Athletic Trainer Spotlight
Lead Certified Athletic Trainer
Joint Base Lewis McChord | 1-2 ID Brigade
How long have you been a part of the Holistic Health and Fitness (H2F) Program?
"I originally started working within the Army’s H2F in April 2019. So, it will be almost 3 years very soon."
What is something you’ve learned during your time in the H2F Program?
I learned that we athletic trainers still need to advocate for ourselves and teach people what athletic trainers are and what we can do. I’m not a physical therapist, exercise therapist, sports trainer, athletic therapist, trainer, or coach. I’m the athletic trainer, simple as that.
What does your typical workday look like?
Early wake up, head to sick-call and work with the 68W (medics), and do initial screenings/evaluations before physical training starts at 0630. During physical readiness training (PRT) I take Soldiers that have an acute injury or on profile and lead them through a more specialized physical training working on their injury. When PRT is over at 0800, I try get a cup of coffee before I begin screenings at musculoskeletal (MSK) sick-call. This is either a continuation of pre-PRT sick-call or for members that could not be fully assessed before PRT started. After my 1-hour, or so, MSK sick-call is done my day is filled with 1-on-1 patient care, or meetings with Army staff, or peers with-in the brigade H2F team.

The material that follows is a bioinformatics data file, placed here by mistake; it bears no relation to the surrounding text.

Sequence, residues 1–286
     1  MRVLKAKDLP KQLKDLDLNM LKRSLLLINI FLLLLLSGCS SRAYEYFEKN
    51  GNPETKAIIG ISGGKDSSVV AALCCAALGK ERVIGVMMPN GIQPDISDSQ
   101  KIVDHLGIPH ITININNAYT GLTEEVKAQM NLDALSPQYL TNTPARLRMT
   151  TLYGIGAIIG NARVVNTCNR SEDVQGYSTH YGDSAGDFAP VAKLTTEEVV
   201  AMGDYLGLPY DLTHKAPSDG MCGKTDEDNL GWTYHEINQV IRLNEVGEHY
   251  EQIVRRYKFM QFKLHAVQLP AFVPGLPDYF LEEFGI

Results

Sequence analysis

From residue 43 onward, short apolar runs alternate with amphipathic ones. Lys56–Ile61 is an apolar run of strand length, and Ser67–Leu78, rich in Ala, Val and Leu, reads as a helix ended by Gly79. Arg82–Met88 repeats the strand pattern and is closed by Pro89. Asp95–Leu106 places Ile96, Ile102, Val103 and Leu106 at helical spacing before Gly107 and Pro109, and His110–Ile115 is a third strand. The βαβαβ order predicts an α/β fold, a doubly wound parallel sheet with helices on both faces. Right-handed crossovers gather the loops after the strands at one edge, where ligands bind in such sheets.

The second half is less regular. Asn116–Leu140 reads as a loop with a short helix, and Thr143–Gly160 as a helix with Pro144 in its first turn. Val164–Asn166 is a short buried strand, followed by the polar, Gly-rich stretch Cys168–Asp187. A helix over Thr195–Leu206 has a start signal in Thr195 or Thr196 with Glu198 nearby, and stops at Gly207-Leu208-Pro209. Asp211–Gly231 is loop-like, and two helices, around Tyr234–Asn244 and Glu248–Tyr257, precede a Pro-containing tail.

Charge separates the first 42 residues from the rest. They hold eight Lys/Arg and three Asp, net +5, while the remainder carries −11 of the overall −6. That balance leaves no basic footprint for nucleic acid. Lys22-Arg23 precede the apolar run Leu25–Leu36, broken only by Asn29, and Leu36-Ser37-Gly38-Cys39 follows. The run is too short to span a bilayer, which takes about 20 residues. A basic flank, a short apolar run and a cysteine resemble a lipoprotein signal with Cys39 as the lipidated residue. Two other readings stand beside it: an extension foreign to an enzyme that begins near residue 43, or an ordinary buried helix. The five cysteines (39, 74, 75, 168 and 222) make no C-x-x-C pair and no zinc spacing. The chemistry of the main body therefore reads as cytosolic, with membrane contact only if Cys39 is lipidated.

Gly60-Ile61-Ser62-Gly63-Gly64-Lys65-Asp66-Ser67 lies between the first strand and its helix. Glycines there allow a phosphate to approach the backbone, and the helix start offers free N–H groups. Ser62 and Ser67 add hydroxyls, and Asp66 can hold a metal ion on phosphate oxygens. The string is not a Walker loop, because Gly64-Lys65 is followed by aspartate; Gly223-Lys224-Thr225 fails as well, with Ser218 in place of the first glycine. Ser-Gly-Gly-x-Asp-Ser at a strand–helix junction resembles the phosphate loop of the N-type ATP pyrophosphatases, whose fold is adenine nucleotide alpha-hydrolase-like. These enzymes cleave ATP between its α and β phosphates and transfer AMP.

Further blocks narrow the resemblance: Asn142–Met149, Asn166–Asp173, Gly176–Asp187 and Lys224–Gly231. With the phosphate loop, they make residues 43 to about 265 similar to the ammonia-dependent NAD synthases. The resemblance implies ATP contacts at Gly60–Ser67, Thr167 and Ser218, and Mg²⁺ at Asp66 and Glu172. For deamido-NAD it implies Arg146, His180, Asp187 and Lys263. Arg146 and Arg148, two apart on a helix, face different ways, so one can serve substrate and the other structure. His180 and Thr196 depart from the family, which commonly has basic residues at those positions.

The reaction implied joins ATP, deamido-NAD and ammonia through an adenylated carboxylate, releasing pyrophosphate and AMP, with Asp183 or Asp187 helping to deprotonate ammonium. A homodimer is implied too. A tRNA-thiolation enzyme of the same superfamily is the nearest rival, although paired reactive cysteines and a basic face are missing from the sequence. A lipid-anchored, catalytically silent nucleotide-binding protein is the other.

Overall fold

In your Athletic Training career, what challenges have you had to overcome and how did you accomplish this?
Changing the culture or mindset of the athlete or patient. What I mean by that is enforcing the good behavior of recognizing an injury or ailment and seeking out help sooner rather than later. Typically, athletes may want to hide an injury in order to continue to play. In my current setting, seeking out medical help is often considered a weakness that then creates long lasting chronic pain that may end up medically retiring them out of service. Every chance I get I combat this by telling the Soldier that if they have 5 years, 5 months, or even 5 days until retirement, I am here to try get them better and healthier for when the Army is no longer their primary focus. I thank them for not waiting even longer to see me.
What is one thing you’d tell your younger self if you had the opportunity?
Find the small wins and gravitate to those, feed them and make more. There will be so many opportunities, don’t settle. Thank the people who got you where you are, and mean it.
Who has provided the biggest inspiration/motivation in your life?
My family. Hands down. I got out of active duty to pursue my education and had 1 small child at the time and 1 on the way. My wife, active duty at the time as well, volunteered to changes military bases so that I could be closer to home and a school with athletic training as a major. I transitioned to become an Air National Guard member doing my training in Washington, but living and going to school full time in North Dakota. My wife and kids were and are my rocks. I would never have reached the milestones I have without them.
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